The 48-hour ultimatum on Saturday night from the "Islamic Army," which last week claimed responsibility for killing an Italian journalist, prompted a day of emergency meetings between President Jacques Chirac, Jean-Pierre Raffarin, the Prime Minister, and Muslim leaders in an attempt to diffuse France's first hostage crisis in the Iraq conflict.

President Chirac yesterday sent Michel Barnier, the Foreign Minister, to the region to help secure their freedom.

CURRENT HOMEWORK

As shown above, making full use of the two hot spots in each sentence is one of the quickest, easiest ways of improving your writing. Below are a few exercises to give you some practice. But first a couple of examples:

Example A. Having arrived late to the party, Jane immediately looked for the hostess to apologize.

Example B. The current financial difficulties are well under control, said the company's spokesman.

In these two examples, there is both a "main clause" and a "dependent (secondary) clause." The main clause provides the most significant information the sentence is trying to convey. The dependent clause is there to add useful but less significant information.

In example A, "Having arrived late to the party" is the dependent clause; "Jane immediately looked for the hostess to apologize" is the main clause. In example B, "said the company's spokesman" is the dependent clause; "the current financial difficulties are well under control" is the main clause.

Readers will instinctively notice this difference between the main clause and a dependent clause. Thus, the hot spots at the beginning and end of the main clause are where you should focus your attention.

However, don't be dismissive of the dependent clause. If poorly constructed, i.e. long and rambling, a dependent clause can overshadow the main clause, such that the value of putting key information into the main clause's two hot spots will be largely lost.

For example: Treat the dependent clause with respect. If the dependent clause you write to introduce the main clause or supplement it at the end of a sentence is constructed in an undisciplined and slovenly manner, that is to say, it is unnecessarily long such that it seems to dominate the sentence rather than strengthening the sentence, it can overshadow the main clause such that the value of putting key information into the main clause's two hot spots will be largely lost.

Enough said.

Now it is your turn. Revise the following sentences to ensure that the hot spots are used to their full advantage.

Exercise 1

In the presence our company's chairman, the new bioscience research center built at a cost of $75 million was inaugurated yesterday.

Exercise 2

Hillary Clinton fired back at the official Republican Party Twitter account after it asked for her to specify her healthcare plan on Wednesday.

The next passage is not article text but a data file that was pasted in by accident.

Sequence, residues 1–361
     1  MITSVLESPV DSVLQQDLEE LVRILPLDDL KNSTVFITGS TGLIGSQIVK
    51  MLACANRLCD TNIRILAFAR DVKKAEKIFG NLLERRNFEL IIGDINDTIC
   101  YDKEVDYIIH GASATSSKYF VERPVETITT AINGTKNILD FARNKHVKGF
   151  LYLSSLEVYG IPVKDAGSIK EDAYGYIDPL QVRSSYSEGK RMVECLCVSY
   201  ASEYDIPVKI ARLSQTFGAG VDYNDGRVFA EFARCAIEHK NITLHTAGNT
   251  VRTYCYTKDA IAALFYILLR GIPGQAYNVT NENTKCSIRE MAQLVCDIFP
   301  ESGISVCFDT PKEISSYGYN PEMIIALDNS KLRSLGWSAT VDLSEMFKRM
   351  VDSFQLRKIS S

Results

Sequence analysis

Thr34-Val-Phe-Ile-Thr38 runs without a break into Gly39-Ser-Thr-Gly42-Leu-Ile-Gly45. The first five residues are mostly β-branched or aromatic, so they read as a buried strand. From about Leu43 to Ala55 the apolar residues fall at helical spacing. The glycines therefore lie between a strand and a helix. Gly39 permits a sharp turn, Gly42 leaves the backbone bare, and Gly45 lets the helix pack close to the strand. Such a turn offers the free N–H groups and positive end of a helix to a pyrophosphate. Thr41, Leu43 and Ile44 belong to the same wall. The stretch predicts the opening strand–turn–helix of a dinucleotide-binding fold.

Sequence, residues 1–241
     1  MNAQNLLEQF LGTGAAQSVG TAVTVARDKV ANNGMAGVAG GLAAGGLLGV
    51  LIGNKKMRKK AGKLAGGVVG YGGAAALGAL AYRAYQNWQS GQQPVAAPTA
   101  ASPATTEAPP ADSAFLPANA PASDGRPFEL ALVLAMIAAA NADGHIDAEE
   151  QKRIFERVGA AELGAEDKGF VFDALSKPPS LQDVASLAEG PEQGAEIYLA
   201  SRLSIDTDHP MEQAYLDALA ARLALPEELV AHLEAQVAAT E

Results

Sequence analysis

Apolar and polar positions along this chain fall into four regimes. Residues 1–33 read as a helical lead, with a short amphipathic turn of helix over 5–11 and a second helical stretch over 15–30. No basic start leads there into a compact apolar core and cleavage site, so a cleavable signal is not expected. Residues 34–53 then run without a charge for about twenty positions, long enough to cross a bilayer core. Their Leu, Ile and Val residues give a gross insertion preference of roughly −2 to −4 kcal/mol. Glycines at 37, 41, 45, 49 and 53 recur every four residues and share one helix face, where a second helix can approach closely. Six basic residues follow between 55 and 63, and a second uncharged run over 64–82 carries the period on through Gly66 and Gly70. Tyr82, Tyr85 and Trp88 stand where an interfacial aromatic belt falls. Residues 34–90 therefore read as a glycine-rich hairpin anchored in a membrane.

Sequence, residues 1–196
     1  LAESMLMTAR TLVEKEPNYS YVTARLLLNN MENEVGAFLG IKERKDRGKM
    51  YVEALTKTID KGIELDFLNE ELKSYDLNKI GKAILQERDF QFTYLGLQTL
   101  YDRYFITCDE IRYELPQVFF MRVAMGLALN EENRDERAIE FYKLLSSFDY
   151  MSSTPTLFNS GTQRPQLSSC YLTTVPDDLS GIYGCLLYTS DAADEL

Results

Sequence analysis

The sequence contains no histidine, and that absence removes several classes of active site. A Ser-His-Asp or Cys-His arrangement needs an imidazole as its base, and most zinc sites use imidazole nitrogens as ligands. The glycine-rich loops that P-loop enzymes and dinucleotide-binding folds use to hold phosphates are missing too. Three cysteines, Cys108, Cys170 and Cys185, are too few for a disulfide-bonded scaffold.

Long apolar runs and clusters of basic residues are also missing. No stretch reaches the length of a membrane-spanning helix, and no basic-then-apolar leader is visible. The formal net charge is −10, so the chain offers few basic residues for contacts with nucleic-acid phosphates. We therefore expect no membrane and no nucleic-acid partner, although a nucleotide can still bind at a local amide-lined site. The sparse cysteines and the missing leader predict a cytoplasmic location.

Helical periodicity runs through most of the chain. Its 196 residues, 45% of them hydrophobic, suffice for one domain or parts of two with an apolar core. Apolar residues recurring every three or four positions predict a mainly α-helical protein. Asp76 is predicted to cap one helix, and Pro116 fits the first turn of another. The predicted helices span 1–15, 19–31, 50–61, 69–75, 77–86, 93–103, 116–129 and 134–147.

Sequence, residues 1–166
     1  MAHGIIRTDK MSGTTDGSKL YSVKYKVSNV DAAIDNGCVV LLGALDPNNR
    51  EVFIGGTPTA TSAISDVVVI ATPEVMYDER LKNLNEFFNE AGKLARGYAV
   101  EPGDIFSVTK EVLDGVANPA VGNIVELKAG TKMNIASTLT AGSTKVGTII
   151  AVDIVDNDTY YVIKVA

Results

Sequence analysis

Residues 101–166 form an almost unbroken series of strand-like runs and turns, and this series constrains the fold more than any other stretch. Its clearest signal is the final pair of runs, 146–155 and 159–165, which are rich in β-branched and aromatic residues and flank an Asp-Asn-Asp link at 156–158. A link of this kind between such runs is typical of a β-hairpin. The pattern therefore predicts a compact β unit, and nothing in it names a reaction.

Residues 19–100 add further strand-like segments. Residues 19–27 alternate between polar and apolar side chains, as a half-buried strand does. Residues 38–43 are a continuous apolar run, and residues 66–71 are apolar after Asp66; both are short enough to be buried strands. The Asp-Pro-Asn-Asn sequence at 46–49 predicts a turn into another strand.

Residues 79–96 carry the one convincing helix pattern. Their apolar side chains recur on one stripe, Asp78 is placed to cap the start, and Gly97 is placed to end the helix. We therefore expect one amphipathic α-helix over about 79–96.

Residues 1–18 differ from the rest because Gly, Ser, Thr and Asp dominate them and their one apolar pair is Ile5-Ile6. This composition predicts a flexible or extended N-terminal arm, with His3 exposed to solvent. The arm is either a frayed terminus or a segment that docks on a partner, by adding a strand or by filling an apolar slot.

Exercise 3

I claim to be ignorant and proud of it, but rather than being proud of my lack of knowledge I am proud of recognizing just how much knowledge I lack.

Exercise 4

(Note: Here is a longer, and therefore more complex exercise. At first glance, the following text may already appear to be fairly well written. However, it could be considerably improved. Use everything you have learned about clear (Cl = EDE), concise (Co = LS), dense (D = PL) writing, the "5 Ws & H," the inverted pyramid, and hot spots to make it even better.)

Oxford University has once again petitioned the High Court to protect its buildings and staff from animal rights activists. It is asking that a temporary exclusion zone, in force since last month, be made permanent until a full civil trial on the matter can take place. The "no harassment" boundary prohibits protesters from going within 35 meters of university property.

University officials said that work on its new £18 million bio-medical research laboratory was stopped in July because contractors were being intimidated by animal rights activists. Animal testing to be carried out in the facility would be 98 percent on rodents with the remaining 2 percent on amphibians, fish, ferrets and primates.

Author

Philip Yaffe was born in Boston, Massachusetts, in 1942 and grew up in Los Angeles, where he graduated from the University of California with a degree in mathematics and physics. In his senior year, he was also editor-in-chief of the Daily Bruin, UCLA's daily student newspaper. He has more than 40 years of experience in journalism and international marketing communication. At various points in his career, he has been a teacher of journalism, a reporter/feature writer with The Wall Street Journal, an account executive with a major international press relations agency, European marketing communication director with two major international companies, and a founding partner of a specialized marketing communication agency in Brussels, Belgium, where he has lived since 1974. He is the author of more than 20 books, which can be found easily in Amazon Kindle.